“Prayer is our humble answer to the inconceivable surprise of living.” — Abraham Heshel
Prayer can mean to some, “a conscious contact with God as we understood him,” which is important in one’s recovery or quest toward personal growth. There are many ways to pray and each of us has a style that uniquely expresses our spirituality. Meditation or even the singing of a hymn are examples of any number of ways in which people pray. Once we open ourselves to the Universe and the concept of something out there larger than ourselves, we can get comfortable with our own way of praying. It may mean leaving past ways behind. Maybe we’ve been used to prayer that relied only on words. Perhaps we used to pray for what we wanted, making sure we told God precisely what was best for us and everybody else. Or maybe we didn’t pray at all because we didn’t know how to, or were afraid.
I remember growing up in the Lutheran church, Missouri synod and having to attend confirmation class every Saturday morning, grades 6 through 8. I still remember our pastor teaching us “how to pray.” According to this pastor, we first had to tell God how sorry we were for all of our sins, original (sin that comes along with every human) and those we knew we had committed. Then we were to humbly ask for God’s forgiveness. Next we had to praise God; tell him how wonderful we knew him to be and how much we loved him. Finally, we could ask for what we needed, with the understanding that only God knows what is truly best for us. Lastly, we were to thank God for all he has done for us and that which we hope for him to do in the future.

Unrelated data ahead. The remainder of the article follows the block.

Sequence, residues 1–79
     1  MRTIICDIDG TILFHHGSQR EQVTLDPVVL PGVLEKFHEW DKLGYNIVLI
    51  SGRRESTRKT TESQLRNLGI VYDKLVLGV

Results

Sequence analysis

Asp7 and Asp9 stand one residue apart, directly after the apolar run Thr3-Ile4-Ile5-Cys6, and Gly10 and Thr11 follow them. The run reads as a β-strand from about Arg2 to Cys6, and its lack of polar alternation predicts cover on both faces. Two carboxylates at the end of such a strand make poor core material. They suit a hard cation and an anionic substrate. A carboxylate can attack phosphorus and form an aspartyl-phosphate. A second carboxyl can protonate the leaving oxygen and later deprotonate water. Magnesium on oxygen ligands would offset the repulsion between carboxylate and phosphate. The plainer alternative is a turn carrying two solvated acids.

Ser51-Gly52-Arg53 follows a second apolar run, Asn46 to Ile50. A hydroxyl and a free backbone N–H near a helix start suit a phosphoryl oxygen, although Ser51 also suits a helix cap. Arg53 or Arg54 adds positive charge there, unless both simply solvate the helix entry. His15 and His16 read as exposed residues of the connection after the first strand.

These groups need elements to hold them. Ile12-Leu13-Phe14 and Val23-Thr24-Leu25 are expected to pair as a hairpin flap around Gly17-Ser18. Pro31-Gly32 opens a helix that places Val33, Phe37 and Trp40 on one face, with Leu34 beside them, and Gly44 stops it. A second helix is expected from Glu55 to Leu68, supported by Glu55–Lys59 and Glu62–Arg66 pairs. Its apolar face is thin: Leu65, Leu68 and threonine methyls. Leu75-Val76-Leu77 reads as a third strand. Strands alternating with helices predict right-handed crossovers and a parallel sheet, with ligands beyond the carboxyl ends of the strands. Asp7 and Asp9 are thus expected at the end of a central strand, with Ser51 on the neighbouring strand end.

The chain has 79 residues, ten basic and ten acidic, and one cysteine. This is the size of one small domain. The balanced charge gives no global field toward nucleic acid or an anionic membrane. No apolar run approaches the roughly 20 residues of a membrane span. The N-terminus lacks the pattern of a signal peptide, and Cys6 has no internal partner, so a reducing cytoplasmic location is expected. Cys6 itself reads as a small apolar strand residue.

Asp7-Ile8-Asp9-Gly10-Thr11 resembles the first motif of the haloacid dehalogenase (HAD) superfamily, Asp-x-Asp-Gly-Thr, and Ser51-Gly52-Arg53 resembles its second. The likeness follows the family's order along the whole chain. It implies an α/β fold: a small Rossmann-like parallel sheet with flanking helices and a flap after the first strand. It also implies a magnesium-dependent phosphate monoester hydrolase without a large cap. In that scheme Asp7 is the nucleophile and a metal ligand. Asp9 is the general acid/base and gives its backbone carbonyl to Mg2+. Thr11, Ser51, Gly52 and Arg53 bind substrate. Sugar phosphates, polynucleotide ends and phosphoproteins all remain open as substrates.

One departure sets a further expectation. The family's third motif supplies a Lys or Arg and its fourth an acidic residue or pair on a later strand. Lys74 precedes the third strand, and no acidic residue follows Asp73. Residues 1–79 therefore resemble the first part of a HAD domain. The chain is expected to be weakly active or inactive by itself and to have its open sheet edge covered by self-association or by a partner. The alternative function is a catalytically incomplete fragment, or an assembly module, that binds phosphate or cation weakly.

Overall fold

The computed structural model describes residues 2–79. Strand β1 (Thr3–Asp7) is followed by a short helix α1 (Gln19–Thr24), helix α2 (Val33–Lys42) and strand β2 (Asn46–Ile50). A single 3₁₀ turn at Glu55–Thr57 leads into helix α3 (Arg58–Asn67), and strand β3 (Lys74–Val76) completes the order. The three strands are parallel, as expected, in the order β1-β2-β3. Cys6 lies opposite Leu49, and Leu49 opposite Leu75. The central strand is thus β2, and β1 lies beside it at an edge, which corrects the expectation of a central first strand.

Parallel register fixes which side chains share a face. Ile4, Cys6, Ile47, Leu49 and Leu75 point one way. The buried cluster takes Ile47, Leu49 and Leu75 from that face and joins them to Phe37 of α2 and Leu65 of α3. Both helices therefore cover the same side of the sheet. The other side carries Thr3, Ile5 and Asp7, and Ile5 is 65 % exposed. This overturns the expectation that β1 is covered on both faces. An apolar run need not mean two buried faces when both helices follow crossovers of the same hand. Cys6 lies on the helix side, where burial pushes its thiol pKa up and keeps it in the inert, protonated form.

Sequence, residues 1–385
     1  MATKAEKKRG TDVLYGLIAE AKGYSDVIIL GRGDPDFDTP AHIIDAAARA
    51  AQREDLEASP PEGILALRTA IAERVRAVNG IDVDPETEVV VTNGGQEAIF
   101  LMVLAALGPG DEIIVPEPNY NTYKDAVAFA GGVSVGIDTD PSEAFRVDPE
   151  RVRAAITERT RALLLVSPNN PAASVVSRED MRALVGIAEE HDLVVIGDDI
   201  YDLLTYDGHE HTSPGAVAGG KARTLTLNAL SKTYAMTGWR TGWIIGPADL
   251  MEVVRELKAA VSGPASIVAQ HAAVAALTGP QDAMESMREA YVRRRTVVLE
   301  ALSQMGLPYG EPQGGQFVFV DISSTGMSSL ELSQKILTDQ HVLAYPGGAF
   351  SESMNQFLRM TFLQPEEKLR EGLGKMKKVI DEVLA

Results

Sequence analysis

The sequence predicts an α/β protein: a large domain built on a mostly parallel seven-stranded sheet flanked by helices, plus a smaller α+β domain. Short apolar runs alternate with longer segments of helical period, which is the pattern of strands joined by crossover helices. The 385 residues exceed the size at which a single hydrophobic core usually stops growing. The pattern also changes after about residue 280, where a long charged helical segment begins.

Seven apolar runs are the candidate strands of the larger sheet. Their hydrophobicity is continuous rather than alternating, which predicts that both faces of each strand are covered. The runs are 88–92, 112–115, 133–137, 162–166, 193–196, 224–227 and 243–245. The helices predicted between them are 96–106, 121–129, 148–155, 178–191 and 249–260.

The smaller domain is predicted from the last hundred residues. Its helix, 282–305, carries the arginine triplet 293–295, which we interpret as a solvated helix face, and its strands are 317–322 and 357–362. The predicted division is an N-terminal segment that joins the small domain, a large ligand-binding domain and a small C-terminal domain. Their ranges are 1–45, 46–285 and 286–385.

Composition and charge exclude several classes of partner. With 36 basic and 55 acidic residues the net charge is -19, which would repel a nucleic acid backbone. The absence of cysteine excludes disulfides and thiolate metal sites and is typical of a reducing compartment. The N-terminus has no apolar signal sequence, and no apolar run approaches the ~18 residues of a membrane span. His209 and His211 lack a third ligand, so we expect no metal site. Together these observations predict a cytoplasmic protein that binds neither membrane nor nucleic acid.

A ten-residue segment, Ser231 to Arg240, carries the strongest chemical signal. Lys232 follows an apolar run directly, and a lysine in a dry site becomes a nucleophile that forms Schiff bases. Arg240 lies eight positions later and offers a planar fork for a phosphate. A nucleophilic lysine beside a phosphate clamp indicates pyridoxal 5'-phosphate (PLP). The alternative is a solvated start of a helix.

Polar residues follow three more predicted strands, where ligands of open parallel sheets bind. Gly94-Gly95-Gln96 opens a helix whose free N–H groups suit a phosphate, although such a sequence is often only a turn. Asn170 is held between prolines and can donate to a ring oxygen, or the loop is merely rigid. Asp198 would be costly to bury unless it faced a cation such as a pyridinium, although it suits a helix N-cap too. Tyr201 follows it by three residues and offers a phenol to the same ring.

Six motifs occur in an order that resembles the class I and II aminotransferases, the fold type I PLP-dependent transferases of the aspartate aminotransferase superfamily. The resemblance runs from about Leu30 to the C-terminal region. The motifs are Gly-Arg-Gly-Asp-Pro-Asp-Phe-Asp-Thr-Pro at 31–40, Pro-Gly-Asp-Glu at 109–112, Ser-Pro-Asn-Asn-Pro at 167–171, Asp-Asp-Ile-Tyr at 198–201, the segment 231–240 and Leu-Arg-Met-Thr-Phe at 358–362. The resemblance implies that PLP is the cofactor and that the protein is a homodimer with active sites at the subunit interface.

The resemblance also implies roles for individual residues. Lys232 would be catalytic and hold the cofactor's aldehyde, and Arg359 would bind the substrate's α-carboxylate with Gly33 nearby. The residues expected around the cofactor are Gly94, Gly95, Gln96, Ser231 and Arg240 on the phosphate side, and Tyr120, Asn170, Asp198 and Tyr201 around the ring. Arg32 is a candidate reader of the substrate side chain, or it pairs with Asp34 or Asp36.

No other song, no other prayer, no other piece of liturgy is so well-known and loved in my Unitarian Universalism church home as “Spirit of Life” by Carolyn McDade. In six short lines “Spirit of Life” touches so much that is central one’s need to communicate with our Higher Power: compassion, justice, community, freedom, reverence for nature, and the mystery of life. It finds the common ground held by humanists and theists, pagans and Christians, Buddhists and Jews, gay and straight among us.
Spirit of Life, come unto me.
Sing in my heart all the stirrings of compassion.
Blow in the wind, rise in the sea;
Move in the hand, giving life the shape of justice.
Roots hold me close; wings set me free;
Spirit of Life, come to me, come to me.
Thankfully, we don’t need to worry about how to pray; the Universe shows us how. We must however, be willing to move from the everyday world to a place where it is just the Universe and us. It is an exciting part of one’s spiritual journey to develop new ways to pray, trusting our relationship with the Universe to deepen the experience. What matters most is that we give ourselves to it. When our prayers are from the heart, we know it, and are at peace.